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July 1, 2020, 9:44 a.m. EDT

Why investors who are buying fewer individual stocks are getting better returns

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Last year, roughly 93% of new money “went into the cheapest of the cheap … the least costly 10% of all funds,” the report said.

The first favorable trend for investors results from a change in the industry. The second, as we just saw, results from a change in investor behavior.

3. Here’s another good trend, and it follows from No. 2: Investors are increasingly focused on asset classes instead of individual stocks.

Asset classes are much less risky than individual stocks, without sacrificing anything in terms of expected return.


4. So far this century, we’ve seen a variety of resources (if that’s the right word) emerge with the intention of helping individual investors.

The grassroots Financial Independence Retire Early (FIRE) movement has sprouted local chapters throughout North America, in every U.S. state plus eight in Canada, devoted to helping each other find ways to cut current expenses, boost savings, and invest well.

A nonprofit organization in  California that I recently wrote about , Next Gen Personal Finance, wants to persuade every high school in the United States to require a semester-long class in personal finance as a graduation requirement.

They also have a lot of excellent educational resources for teachers and parents available free online.

More financial advisers are becoming fiduciaries by voluntarily assuming legal responsibility for recommending only the products and services that are demonstrably in the best interests of their clients.

(The Morningstar report alludes to this, saying investors are increasingly choosing such advisors instead of traditional brokers who have no such legal obligation.)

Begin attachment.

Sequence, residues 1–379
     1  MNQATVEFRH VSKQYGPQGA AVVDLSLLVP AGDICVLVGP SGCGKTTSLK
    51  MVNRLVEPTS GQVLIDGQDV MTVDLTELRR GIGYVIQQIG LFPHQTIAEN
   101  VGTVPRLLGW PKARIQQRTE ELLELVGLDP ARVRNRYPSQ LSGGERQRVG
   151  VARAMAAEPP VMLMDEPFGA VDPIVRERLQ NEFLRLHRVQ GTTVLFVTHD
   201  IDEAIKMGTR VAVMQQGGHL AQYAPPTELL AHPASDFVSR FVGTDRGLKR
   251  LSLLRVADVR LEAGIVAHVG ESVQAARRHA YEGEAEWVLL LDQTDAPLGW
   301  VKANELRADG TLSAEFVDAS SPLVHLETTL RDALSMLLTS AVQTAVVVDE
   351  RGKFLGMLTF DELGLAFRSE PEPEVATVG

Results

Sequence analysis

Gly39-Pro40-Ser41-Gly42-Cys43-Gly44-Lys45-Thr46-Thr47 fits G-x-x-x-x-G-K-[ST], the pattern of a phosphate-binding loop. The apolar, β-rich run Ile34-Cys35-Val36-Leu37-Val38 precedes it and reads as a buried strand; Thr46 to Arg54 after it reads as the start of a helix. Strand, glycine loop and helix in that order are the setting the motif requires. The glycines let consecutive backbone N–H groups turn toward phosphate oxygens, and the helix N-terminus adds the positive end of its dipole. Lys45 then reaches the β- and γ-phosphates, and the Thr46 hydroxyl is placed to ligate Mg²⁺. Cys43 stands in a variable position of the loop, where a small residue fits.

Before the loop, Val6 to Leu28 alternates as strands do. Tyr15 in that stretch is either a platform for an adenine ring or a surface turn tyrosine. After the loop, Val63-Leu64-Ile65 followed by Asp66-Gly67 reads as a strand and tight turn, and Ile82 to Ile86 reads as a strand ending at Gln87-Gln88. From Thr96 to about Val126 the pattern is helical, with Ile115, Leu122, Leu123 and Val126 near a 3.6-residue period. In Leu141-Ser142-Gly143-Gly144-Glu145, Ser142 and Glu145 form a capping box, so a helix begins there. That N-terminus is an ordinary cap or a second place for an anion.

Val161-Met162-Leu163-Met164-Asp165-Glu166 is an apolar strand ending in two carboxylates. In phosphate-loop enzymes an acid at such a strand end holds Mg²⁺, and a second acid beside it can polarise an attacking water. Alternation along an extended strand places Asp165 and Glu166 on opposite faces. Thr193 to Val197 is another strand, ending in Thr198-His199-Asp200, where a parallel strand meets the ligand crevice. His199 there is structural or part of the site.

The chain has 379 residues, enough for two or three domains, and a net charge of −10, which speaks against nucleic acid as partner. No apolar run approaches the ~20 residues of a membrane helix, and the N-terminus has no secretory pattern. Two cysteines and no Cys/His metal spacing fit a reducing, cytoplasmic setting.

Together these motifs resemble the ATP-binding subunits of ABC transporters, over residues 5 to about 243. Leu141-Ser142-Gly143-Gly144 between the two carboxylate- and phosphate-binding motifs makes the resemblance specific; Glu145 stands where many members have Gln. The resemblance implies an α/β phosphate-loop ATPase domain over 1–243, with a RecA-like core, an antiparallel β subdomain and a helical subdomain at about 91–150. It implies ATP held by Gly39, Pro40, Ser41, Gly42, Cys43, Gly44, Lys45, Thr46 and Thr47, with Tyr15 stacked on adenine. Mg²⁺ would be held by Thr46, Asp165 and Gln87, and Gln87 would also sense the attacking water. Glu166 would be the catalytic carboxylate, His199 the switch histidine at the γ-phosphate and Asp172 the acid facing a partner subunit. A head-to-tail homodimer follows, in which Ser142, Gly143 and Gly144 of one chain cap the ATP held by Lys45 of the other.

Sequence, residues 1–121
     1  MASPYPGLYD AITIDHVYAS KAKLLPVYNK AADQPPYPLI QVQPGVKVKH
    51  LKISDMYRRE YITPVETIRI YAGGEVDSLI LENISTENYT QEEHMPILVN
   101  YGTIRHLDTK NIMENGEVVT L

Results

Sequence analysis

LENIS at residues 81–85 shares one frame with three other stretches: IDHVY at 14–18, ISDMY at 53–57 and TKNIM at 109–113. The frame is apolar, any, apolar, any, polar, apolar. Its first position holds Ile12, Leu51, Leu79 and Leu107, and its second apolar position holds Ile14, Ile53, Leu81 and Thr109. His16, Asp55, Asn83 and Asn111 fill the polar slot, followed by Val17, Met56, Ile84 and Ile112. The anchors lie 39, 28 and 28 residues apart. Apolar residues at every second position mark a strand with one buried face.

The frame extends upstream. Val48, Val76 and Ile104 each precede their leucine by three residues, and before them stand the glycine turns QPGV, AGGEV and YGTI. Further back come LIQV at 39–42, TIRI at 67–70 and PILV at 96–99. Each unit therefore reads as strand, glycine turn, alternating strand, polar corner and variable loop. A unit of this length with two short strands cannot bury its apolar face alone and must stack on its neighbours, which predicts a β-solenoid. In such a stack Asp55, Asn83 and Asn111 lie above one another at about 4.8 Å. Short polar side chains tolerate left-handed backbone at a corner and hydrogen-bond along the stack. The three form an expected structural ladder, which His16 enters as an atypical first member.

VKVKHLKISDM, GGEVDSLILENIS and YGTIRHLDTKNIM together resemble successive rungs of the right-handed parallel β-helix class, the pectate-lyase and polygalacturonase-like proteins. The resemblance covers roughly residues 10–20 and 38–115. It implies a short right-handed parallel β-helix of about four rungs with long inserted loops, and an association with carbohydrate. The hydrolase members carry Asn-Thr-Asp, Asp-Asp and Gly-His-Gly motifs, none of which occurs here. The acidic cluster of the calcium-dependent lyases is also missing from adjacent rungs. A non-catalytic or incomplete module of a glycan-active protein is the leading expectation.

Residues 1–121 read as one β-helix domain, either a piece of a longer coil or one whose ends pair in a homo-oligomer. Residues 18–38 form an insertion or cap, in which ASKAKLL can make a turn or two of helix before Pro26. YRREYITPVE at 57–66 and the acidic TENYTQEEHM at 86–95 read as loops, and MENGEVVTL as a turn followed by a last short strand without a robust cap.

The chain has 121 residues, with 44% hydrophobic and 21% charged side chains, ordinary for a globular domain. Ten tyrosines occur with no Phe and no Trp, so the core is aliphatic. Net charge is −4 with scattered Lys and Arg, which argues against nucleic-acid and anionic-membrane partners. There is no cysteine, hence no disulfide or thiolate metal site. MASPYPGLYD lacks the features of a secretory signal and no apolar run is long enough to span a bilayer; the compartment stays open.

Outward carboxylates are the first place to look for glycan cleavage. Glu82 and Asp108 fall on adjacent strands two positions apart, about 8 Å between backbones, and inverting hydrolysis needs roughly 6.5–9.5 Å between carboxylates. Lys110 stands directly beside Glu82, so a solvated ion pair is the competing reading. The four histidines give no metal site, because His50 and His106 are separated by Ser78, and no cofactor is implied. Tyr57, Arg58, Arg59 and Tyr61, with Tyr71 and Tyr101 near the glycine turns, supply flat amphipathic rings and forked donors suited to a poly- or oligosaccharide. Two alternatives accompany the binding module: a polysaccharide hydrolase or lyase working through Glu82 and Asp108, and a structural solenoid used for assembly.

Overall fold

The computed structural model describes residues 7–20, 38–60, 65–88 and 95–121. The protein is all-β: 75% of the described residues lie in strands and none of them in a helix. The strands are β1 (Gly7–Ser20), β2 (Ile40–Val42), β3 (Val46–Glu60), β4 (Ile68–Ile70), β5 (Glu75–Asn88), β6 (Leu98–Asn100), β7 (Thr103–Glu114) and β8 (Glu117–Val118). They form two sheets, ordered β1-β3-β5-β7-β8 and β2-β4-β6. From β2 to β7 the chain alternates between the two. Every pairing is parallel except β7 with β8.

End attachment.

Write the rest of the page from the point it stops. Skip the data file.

More authors and educators are preaching the value of lower expenses, index funds, and fiduciary advisory arrangements.

5. Increasingly popular index funds continue to outperform the vast majority of the actively managed funds in their asset classes.

In the 15 calendar years ended last Dec. 31, the S&P 500 Index outperformed 90.5% of all actively managed U.S. large-cap funds, according to analysts at S&P.

Among 13 specific asset classes, the percent of funds that underperformed their benchmark indexes were similar, ranging from a low of 81.4% for large-cap value funds to a high of 95.2% for mid-cap blend funds.

Other statistics from this report are interesting.

Mutual funds are allowed to advertise that (when it’s accurate) their performance is above average compared to their peers. But “better than average” isn’t necessarily impressive when nine of every 10 funds fails to even meet the /zigman2/quotes/210599714/realtime SPX +1.61% .

Over the past 15 calendar years, the top 25% of actively managed U.S. large-cap blend funds returned 8.9% or more. But one of every four such funds returned less than 7.3%, according to S&P’s statistics.

All these points add up to one happy conclusion: Investors like us get to keep more of the returns from the equities in our mutual funds.

Want to know more? Check out my latest podcast , “How confident can we be in past performance?”

Richard Buck contributed to this article .

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Sept. 28, 2020 5:06p

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